If you’re wondering “What is checked luggage?” you needn’t be intimidated by the check-in process. If you arrive with a properly-weighed bag and have taken stock of restricted baggage items, checking your luggage in will take a few seconds. The differences between checked and carry-on luggage that matter most are their size, weight, and restrictions.
Most flights allow you 21 to 23 kilograms of checked in luggage and 8 to 10 kilograms of cabin bags. If your luggage is heavier than permitted, you’re usually able to pay for the extra weight. Since each plane has its own weight restrictions, this isn’t guaranteed, so it’s best to arrive at the check-in counter with the correct luggage weight.
Prohibited items vary between checked-in and carry-on luggage, and understanding the difference will keep you from losing precious items during the TSA process. These items should be moved into your checked-in luggage:
- Liquids and gels of over 100 millilitres.
- Tools of over seven inches in length including screwdrivers and pliers.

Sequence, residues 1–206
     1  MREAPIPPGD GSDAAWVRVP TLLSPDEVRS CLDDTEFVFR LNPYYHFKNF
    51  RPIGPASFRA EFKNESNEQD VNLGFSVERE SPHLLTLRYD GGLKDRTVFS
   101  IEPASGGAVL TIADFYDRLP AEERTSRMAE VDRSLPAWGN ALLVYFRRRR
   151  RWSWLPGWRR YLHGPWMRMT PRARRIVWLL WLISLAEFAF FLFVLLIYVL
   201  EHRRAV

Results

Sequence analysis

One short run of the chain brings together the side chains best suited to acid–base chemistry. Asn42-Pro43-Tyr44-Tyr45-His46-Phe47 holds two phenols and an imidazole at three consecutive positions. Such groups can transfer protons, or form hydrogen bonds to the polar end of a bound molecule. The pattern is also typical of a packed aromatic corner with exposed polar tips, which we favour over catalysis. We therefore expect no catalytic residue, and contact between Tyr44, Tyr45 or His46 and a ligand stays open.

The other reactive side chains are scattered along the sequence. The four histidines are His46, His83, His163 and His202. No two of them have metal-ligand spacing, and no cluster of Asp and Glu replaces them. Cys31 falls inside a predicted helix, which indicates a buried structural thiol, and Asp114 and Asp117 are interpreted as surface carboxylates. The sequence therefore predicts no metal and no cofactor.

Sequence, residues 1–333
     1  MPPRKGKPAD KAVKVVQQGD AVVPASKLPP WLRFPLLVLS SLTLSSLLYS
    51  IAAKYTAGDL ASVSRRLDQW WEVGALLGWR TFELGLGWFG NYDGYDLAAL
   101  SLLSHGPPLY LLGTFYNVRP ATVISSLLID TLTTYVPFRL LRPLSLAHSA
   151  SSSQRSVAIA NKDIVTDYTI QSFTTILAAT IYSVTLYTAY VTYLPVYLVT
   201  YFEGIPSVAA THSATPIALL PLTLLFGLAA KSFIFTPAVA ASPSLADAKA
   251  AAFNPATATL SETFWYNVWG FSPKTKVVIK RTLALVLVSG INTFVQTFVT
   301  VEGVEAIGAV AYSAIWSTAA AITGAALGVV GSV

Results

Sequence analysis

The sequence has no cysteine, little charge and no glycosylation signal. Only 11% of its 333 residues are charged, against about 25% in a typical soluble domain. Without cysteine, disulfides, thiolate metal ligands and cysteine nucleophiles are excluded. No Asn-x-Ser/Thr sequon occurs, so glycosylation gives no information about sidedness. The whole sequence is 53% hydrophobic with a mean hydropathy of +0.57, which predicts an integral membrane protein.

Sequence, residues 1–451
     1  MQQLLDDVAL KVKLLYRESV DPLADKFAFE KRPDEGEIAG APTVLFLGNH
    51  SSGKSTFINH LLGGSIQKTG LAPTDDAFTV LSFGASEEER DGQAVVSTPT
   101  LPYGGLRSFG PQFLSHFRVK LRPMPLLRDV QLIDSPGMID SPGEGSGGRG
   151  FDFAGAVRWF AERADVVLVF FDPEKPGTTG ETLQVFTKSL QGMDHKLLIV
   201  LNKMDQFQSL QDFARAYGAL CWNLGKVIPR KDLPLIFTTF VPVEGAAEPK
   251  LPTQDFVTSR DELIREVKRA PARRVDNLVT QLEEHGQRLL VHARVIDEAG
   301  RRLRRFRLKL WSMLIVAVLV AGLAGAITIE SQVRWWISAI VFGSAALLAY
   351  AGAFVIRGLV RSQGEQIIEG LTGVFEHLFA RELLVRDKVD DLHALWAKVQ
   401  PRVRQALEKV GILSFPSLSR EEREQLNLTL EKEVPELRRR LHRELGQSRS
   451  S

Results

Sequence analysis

- Sharp objects such as scissors, straight razors, and knives.
- Clubs and rackets.
- Pepper spray.
- Lighters and matches.
If your checked-in luggage is damaged, lost, or delayed, and your airline is responsible, you have a right to compensation, but the amount you receive depends on the airline you’re using and the country your loss occurred in. If your flight is delayed, you’re entitled to essential items such as underwear and toiletries. You won’t necessarily receive full coverage for replacement and repair, and you might be required to provide receipts to demonstrate the value of your luggage.
Perishables and valuables are generally not compensated for. Valuable items such as art and jewellery aren’t supposed to be stored in our checked in luggage, so it’s generally best to keep them in your carry-on bags or not travel with them at all. Your carrier is also required to cover the costs of delivering your replacement items to you. If you have to pay for necessities while you wait for your compensations, you can claim for those costs as well.
Airlines aren’t required to compensate you for inconvenience or missed flights that result from your baggage delays. That said, they are required to compensate you for missed connections that occur due to their own mismanagement. The key to managing your checked in luggage is maintaining good paperwork. When you file a complaint, include evidence of damage and replacement receipts. Planes aren’t allowed to take off if baggage isn’t accompanied by a passenger, so bag delays are unlikely. Such circumstances can, however, make you prone to panic. Since reimbursement carries stiff deadlines, so you should lay a claim as soon as possible. Damaged items must be reported within a week, and delays within 21 days.